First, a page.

The baking heat in the Arabian Desert and Fertile Crescent almost never eases before October, especially in these days of global warming. But if significant U.S. forces go in through Turkey and Kurdistan in the north of Iraq, as seems increasingly likely, the usual winter heavy rains could significantly deplete the effectiveness of U.S. air support and also turn mountain roads and tracks into mud, slowing down heavy, tracked vehicles.

As to the November midterm congressional elections, political leaders always react with outrage to the very idea that military operations are ever timed, or rushed, to conform to any such partisan and selfish domestic political considerations. But for an administration that has deliberately made its alleged effectiveness and resolution in the war on international terror its central appeal, the desire to have good news from Iraq, or at least progress on any anti-terror front, by November is obvious.

It is also striking that some of the U.S. media coverage making the case that the offensive will not be launched until next year, based key arguments on claims that Department of Defense civilian policymakers had been forced to slow down their hell-bent and ambitious timetable because senior Army military officers had said they needed more time in planning.

But this Pentagon civilian leadership led by Defense Secretary Donald Rumsfeld and Wolfowitz has been deliberately more contemptuous and unheeding of the concerns of infantry and armor experts in the regular Army than any other since the dark days of Robert McNamara during the Vietnam War more than 35 years ago.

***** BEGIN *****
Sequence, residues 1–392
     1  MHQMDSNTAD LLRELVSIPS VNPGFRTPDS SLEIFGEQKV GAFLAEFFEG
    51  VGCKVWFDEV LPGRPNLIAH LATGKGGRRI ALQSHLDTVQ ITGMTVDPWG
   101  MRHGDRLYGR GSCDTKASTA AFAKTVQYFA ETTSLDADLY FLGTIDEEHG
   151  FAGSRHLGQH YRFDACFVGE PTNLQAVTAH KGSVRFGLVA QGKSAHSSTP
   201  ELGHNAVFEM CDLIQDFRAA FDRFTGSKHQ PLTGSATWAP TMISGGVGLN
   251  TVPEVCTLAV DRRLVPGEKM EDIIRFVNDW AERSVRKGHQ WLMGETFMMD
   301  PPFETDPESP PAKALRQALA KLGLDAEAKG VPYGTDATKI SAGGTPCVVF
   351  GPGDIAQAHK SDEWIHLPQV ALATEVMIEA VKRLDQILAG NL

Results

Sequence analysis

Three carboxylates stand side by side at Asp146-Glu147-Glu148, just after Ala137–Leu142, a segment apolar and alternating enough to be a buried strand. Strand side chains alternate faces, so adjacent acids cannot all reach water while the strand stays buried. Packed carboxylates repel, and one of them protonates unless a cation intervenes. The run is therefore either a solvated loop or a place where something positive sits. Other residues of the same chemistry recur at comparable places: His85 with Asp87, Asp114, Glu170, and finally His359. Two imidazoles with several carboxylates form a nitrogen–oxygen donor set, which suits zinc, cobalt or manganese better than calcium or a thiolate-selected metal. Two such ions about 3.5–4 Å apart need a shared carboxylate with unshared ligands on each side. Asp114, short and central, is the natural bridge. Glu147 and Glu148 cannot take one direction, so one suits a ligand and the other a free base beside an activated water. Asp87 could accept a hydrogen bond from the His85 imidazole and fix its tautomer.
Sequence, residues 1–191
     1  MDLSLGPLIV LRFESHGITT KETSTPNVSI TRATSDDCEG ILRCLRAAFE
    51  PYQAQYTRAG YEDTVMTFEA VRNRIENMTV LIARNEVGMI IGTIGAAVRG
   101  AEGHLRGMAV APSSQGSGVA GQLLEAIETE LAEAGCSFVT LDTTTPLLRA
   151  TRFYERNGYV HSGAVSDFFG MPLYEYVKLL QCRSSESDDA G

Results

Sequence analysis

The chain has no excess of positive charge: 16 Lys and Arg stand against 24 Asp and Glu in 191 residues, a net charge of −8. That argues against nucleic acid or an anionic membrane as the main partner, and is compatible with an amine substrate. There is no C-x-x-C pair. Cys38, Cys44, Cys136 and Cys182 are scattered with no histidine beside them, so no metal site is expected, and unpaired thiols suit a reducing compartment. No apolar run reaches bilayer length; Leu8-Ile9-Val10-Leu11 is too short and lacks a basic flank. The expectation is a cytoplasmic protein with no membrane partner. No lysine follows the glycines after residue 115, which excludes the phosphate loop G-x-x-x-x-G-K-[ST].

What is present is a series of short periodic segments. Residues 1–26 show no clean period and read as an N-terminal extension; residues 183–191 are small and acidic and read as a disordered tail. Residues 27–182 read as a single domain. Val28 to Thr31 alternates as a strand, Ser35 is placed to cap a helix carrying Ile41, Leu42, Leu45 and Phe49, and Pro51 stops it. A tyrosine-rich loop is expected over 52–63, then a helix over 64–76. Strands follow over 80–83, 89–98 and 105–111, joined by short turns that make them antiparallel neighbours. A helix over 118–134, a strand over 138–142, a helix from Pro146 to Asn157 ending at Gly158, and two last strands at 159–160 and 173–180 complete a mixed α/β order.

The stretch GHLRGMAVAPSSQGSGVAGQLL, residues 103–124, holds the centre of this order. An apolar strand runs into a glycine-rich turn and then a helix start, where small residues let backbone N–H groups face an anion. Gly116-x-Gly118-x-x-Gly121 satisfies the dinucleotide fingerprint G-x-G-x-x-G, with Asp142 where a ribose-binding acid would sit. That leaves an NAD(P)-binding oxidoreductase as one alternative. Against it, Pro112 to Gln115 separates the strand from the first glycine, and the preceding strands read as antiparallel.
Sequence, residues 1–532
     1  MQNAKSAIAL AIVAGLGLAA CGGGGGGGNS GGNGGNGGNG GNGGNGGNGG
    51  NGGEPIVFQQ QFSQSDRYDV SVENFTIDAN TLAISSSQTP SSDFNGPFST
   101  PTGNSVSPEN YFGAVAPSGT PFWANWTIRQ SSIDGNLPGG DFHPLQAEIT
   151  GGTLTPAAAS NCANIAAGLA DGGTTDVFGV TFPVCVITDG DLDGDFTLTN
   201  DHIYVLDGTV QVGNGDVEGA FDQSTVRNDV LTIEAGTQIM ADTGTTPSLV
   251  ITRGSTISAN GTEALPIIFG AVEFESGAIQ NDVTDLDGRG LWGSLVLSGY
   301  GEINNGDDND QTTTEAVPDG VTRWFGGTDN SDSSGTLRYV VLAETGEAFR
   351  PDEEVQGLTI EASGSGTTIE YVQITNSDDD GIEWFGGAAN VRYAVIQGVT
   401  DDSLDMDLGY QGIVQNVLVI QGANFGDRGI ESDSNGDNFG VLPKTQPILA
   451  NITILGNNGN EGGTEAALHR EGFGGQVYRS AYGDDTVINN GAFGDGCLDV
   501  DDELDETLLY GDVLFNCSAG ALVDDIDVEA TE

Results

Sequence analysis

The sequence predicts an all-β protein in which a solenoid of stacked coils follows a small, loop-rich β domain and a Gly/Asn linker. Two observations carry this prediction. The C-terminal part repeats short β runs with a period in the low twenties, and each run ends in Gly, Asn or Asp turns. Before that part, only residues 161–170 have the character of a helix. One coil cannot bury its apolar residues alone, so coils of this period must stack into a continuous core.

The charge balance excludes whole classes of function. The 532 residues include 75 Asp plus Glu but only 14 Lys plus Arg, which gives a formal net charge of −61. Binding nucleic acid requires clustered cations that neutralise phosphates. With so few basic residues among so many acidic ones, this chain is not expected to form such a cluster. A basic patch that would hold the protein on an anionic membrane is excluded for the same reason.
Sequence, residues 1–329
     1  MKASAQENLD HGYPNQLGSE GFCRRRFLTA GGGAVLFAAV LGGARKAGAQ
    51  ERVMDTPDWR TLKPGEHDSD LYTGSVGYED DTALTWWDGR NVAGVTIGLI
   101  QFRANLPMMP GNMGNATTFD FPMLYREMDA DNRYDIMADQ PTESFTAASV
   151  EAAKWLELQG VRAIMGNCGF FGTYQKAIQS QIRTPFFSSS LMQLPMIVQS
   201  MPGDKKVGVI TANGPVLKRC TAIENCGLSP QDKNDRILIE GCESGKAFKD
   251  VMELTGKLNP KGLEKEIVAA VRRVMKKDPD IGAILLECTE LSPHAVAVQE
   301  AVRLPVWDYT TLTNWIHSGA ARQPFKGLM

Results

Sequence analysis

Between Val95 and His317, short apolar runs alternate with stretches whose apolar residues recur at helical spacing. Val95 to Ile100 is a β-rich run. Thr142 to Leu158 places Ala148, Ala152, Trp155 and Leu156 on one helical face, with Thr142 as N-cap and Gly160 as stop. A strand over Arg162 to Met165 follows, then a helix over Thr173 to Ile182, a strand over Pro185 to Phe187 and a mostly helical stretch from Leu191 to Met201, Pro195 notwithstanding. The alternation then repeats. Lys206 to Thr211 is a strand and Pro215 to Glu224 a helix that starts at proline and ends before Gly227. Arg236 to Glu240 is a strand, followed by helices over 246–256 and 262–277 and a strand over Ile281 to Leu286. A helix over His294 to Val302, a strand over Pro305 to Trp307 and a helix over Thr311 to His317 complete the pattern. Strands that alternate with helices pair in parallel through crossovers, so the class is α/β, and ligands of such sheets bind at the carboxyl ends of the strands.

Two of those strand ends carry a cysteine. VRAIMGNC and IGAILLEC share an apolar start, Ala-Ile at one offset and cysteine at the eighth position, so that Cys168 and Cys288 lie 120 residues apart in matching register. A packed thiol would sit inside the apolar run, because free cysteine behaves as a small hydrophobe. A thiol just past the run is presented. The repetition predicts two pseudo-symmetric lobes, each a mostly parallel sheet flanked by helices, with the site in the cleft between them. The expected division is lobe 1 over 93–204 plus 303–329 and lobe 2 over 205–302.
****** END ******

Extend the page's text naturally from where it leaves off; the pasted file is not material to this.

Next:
Well-placed armed forces officers serving in the Pentagon have told UPI that the leaders of the U.S. Air Force, Navy and Special Forces are enthusiastic about undertaking operations against Iraq. Special Forces commanders in particular believe they can rapidly replicate their lightning and virtually casualty free operations in Afghanistan, these officers said.

However, senior Army and Marine officers do not share these gung ho attitudes and believe that operations against Iraq will require at least 200,000 regular troops and possibly more, and will need to be planned and conducted very carefully, these sources said.

There is no question about which side of the debate Rumsfeld, Wolfowitz, Feith and their colleagues come out on.

A recent article in the New Yorker magazine traced the way in which Rumsfeld had humiliated and isolated current Army Chief of Staff Gen. Eric Shinseki, a regular Army infantry expert, and appointed as his vice chief of staff and future successor Lt. Gen. John Keane, a Special Forces enthusiast.

It therefore appears unlikely that he and his civilian colleagues would actually heed such cautious advice from professional Army officers when it conflicts with what their more eager-beaver Special Forces enthusiasts are telling them.

This analysis is obviously not carved in stone. The attack on Iraq may not come until next year or it may not come at all. Or all the factors we have listed above may turn out to be more deliberate disinformation fed to the unsuspecting press. But don't rule it out either. When ambitious men with dreams of glory are in a hurry, subtlety often gets left behind as often as prudence or plain common sense.

© 2002 United Press International, Inc. All Rights Reserved. Any reproduction, republication, redistribution and/or modification of any UPI content is expressly prohibited without UPI's prior written consent.